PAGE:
>quirk in empty elements (like <br />) works on old browsers was one of
>the reasons for choosing the <br/> syntax for XML. That was one of the
>motivations for creating the guidelines.

It may have been. I don't recall that it was but the WG (I wasn't a member)
may have discussed this. My understanding is that the syntax was selected
because it was "legal" SGML and it enabled detection of empty elements
without a DTD. If the syntax happens to work in downlevel HTML browsers,
that would be interesting (and good) but not necessarily a reason to have
selected the syntax.

>Well, we have moved the syntax to XML; we are awaiting an Xlink
>recommendation to formalise the linking semantics, and possibly a CSS3
>recommendation will allow us to formalise (with that notation) the
>form semantics. But I don't actually see how expressing HTML in XML
>actually prevents us from doing anything semantically. Can you
>elaborate on the problem?

Expressing HTML in XML doesn't prevent the HTML WG from doing anything
semantically. The problem runs in the opposite direction. The sematics of
XHTML, if served simply as mime-type xml, may force de facto semantic
meaning onto XML by virtue of its (likely) widespread adoption and use. As
a consequence, XML loses its status as an application-neutral meta language
and becomes HTML with user tags sprinkled about.

>Actually adopting the Linking group's suggestion would have broken the
>use of CSS with XHTML, and we wanted to avoid that.

Frankly I'm less concerned with that. I know others see this *very*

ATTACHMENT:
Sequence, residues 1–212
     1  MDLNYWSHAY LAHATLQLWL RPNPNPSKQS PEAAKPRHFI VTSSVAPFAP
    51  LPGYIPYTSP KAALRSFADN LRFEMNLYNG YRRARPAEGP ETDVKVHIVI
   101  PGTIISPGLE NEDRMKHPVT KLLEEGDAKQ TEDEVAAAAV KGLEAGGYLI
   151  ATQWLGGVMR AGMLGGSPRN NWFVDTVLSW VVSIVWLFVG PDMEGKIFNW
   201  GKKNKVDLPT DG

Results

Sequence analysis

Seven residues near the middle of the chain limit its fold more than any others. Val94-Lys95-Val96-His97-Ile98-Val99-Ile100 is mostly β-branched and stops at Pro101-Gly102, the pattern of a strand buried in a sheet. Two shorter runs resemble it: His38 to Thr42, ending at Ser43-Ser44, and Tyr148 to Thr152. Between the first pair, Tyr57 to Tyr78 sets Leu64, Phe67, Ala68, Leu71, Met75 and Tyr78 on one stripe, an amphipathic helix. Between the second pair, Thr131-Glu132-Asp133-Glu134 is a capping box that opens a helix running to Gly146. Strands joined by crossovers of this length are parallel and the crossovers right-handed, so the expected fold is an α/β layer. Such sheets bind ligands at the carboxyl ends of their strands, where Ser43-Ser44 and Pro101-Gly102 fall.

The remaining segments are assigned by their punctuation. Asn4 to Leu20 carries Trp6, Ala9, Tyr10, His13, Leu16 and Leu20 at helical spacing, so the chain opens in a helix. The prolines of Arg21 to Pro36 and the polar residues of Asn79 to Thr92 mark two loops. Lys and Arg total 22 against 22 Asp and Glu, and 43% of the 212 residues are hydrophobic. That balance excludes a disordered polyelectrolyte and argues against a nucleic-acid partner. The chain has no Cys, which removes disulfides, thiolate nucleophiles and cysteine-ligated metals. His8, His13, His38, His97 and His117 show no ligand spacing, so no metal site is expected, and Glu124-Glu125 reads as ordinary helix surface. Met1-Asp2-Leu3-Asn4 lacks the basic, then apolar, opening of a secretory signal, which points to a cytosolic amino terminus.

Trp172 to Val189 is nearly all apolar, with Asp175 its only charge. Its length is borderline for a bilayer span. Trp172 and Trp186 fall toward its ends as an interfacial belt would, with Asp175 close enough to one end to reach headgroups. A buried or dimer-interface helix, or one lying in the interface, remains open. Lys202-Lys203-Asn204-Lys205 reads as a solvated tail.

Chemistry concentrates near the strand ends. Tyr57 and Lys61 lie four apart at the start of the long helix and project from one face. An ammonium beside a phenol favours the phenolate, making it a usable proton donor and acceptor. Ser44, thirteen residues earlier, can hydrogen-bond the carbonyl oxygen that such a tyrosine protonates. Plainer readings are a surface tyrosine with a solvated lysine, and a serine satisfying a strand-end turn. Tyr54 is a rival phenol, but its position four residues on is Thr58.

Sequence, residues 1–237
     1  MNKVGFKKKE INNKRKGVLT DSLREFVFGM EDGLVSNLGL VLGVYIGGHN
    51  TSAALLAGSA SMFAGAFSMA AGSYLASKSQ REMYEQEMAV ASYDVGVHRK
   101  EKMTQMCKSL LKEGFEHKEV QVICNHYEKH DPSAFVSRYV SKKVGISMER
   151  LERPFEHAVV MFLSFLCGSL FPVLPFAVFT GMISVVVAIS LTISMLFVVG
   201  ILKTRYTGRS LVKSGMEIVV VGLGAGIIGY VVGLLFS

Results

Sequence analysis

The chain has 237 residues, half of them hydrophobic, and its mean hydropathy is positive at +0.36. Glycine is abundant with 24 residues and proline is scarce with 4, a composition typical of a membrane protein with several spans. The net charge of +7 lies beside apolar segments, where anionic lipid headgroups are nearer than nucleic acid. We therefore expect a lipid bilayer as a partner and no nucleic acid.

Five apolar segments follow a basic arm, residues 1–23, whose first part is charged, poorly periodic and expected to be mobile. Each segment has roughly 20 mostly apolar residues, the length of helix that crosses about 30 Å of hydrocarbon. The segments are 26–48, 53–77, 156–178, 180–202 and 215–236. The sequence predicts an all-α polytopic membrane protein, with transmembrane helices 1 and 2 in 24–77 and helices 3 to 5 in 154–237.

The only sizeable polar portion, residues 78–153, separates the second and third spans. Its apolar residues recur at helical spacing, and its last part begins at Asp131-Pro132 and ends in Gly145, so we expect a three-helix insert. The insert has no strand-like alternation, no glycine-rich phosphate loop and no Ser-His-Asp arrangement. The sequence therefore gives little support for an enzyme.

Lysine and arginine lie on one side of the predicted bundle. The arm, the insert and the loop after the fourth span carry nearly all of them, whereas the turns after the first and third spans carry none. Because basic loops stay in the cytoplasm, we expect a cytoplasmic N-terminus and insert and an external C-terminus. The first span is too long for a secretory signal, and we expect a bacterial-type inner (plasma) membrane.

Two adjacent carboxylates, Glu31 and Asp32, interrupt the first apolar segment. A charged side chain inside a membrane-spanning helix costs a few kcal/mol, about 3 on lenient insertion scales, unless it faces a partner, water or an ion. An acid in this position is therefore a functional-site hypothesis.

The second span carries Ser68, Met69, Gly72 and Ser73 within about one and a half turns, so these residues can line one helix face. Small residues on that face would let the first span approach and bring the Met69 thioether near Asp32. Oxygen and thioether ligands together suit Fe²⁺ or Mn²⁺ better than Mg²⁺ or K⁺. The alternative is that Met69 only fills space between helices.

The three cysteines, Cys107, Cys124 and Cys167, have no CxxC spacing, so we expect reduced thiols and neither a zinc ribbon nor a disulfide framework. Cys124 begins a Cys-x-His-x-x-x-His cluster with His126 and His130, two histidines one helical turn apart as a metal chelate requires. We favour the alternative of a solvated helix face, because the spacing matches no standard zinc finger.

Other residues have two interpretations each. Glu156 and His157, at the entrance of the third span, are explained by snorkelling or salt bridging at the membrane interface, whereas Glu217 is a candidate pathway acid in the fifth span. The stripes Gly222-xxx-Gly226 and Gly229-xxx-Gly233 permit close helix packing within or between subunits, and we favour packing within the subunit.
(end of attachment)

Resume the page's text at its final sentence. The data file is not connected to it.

differently and even I would like to see CSS work with XML. However, the
applicatino-neutral status of XML has primacy in my mind.

>No! There is absolutely no need or requirement for an XHTML agent to
>understand or process the quirks. They are only there to allow old
>agents to process the documents, but they are not required to be in
>documents, nor do they change the syntax or semantics of the documents.

But the old agents have a way of becoming the new agents - that's been our
history. My concern is that the "new" agents will behave exactly like the
old agents when presented "new" content.

>
> > As a consequence, the semantics of a "naked" XML fragment identifier will
> > be to refer to an element that has either a type ID attribute that matches
> > the fragment identifier or to an element that has a type CDATA attribute
> > NAME whose value matches the fragment identifier.
>
>The semantics will be to match an ID. There may be a NAME attribute
>with identical value, and the XML processor will ignore it.
>
> > This effectively
> > precludes the use of the attribute name NAME in any XML vocabulary unless
> > the user intention is for the specific semantic specified in HTML 4.0.
>
>As I hope is now clear, this is not the case.

I recognize that the HTML WG does not intend for the NAME attribute to be
usurped for all of XML. My concern is that this will be come the case, de
facto, no matter how hard we try, de jure, to say otherwise.
Received on Monday, 17 May 1999 09:43:57 GMT